Nasal Sprays: Using Them Correctly
If you use them correctly, nasal sprays are an effective way to deliver medications across the lining of your nose and into your bloodstream. Unfortunately, many people have the medication drip out of their noses or down their throats. When this happens, very little medication is absorbed.
Nasal sprays are pain-free and convenient ways to deliver medication, but when the drug drips down the back of your throat, it tastes terrible. Once it enters the stomach, stomach acid and digestive juices dilute the medication and change its properties. Only a small amount is absorbed, and it undergoes first-pass metabolism in the liver.
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How does a nasal spray work?
The inside lining of your nose is rich in blood vessels. The inner lining of the nose is a thin mucous membrane covered with mucus. Medications in nasal sprays are absorbed across this membrane into the bloodstream.
At the top of the nose is a plexus of nerves for the sense of smell. The back of the nose is continuous with the upper part of the throat and the sinuses. Mucus produced in the nose can drain into the back of the throat, as can nasal spray if it is snorted or breathed too deeply into the nose.
How should you use a nasal spray?
Before using your nasal spray, read the instructions, verify your dosage, and check the medication’s expiration date. Remove any guards or caps before use.
1. Wash your hands with soap and water before using the nasal spray.
2. Gently blow your nose to remove any mucus in your nose. Rinse your nose with a saline rinse if you have a lot of mucus in it.
3. Prime the nasal spray before first use if it is an aerosol pump. Push down on the lever until a dose of the medication mist is delivered. Liquid nasal sprays may require shaking before use.
4. Tilt your head forward so it is level. Some people find that tilting their whole body forward at the waist and looking at the ground makes it easier to use a nasal spray.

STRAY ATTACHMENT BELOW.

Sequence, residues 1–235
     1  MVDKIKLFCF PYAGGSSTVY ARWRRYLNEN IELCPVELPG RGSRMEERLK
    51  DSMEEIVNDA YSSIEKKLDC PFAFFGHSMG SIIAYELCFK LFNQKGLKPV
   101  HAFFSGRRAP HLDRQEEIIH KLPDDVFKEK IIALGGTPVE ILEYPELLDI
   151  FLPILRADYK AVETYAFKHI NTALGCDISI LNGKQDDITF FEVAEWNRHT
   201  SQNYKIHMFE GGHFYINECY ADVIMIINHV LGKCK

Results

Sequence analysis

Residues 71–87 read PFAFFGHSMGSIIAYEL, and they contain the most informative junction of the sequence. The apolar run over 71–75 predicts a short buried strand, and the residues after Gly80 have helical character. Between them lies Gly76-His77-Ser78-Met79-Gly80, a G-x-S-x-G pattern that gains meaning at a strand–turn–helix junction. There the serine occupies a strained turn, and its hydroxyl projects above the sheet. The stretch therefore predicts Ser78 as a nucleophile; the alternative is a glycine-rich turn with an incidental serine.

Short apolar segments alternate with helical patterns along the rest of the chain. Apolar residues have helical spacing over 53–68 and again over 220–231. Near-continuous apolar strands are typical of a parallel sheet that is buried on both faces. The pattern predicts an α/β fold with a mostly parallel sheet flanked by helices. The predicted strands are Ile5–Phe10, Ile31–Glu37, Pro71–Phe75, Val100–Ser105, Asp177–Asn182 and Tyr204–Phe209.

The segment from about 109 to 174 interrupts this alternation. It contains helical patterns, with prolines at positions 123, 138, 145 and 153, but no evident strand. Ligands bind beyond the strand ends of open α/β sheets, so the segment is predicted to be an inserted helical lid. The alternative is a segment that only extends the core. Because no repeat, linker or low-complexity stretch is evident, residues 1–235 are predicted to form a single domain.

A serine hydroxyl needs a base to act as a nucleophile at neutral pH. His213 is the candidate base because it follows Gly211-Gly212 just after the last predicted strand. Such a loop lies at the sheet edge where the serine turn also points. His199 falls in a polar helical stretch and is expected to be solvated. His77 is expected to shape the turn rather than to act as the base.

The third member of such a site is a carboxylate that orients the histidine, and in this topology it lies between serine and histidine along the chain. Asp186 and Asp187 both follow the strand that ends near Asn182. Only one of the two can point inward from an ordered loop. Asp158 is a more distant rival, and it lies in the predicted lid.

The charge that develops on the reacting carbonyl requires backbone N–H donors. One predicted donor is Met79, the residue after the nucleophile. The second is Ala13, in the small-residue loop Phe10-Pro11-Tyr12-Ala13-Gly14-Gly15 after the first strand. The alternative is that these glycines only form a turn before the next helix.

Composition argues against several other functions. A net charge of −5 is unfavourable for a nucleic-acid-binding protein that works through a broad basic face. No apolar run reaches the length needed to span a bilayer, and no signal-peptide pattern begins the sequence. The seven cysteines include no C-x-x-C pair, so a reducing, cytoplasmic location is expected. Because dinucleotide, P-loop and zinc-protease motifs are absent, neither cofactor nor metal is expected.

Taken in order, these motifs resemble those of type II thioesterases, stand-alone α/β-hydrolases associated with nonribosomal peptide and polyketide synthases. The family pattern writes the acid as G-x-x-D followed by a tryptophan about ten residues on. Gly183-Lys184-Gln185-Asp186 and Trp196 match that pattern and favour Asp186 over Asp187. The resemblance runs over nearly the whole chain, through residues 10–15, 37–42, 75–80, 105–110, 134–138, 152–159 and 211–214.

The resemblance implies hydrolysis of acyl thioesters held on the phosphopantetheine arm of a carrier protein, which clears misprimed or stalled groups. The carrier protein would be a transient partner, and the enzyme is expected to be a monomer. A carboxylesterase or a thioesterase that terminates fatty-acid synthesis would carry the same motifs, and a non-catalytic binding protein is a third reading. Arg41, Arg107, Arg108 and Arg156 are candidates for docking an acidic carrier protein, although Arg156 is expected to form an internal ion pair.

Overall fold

5. Hold the nasal spray bottle by putting the tip between your index and middle fingers and your thumb at the bottom. Use the opposite hand when delivering the medication into each nostril. The angle of the tip of the bottle should be about 30 degrees.
6. Gently pull on the side of the nostril toward the ear with the hand on the same side. Insert the nasal spray tip about a quarter to a half inch into your nostril and prepare to squirt the medication toward the outside wall of your nose. Don’t spray the liquid toward the septum, the wall that divides your nostrils. Doing so can irritate it and cause a nosebleed.
7. When holding the spray bottle, squeeze it or push down on the top to release the spray into your nose.
8. Breathe in slowly when using a nasal spray. Sniff gently if necessary to keep the medication from dripping out of your nose. Don’t snort it, or the liquid will go into the back of your throat.
9. Replace the cap and store the medication safely.
The longer the medication stays in your nose, the more effective it will be. Don’t lean backward when using a nasal spray.
Avoid snorting the medication into your throat or blowing your nose for 15 minutes or so after using a nasal spray.
After using your nasal spray, store it away from direct sunlight. Do not share nasal sprays. Keep them out of the reach of children.
What kind of medications are delivered by nasal spray?
Nasal spray delivery is a common method for administering nasal decongestants and corticosteroids, but other drug manufacturers also use it.
Nasal sprays are specially designed to allow for the best absorption through the nasal cavity. If you are unsure whether you are using a nasal spray correctly, talk to your doctor or pharmacist. Follow all dosing and administration guidelines for the best results when using nasal sprays.
While we strive to always provide accurate, current, and safe advice in all of our articles and guides, it’s important to stress that they are no substitute for medical advice from a doctor or healthcare provider. You should always consult a practicing professional who can diagnose your specific case. The content we’ve included in this guide is merely meant to be informational and does not constitute medical advice.